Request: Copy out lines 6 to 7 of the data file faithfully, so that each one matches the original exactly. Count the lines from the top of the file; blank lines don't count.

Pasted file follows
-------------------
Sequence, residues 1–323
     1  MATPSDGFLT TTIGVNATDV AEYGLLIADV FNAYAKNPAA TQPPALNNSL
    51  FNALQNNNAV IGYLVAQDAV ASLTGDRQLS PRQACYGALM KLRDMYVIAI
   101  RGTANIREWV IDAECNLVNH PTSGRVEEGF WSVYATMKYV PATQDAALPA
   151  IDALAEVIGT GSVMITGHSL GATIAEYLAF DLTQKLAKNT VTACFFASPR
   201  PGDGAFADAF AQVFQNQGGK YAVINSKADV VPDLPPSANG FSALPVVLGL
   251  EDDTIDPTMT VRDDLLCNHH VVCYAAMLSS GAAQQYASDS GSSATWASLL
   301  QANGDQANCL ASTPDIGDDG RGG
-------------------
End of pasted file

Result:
   201  PGDGAFADAF AQVFQNQGGK YAVINSKADV VPDLPPSANG FSALPVVLGL
   251  EDDTIDPTMT VRDDLLCNHH VVCYAAMLSS GAAQQYASDS GSSATWASLL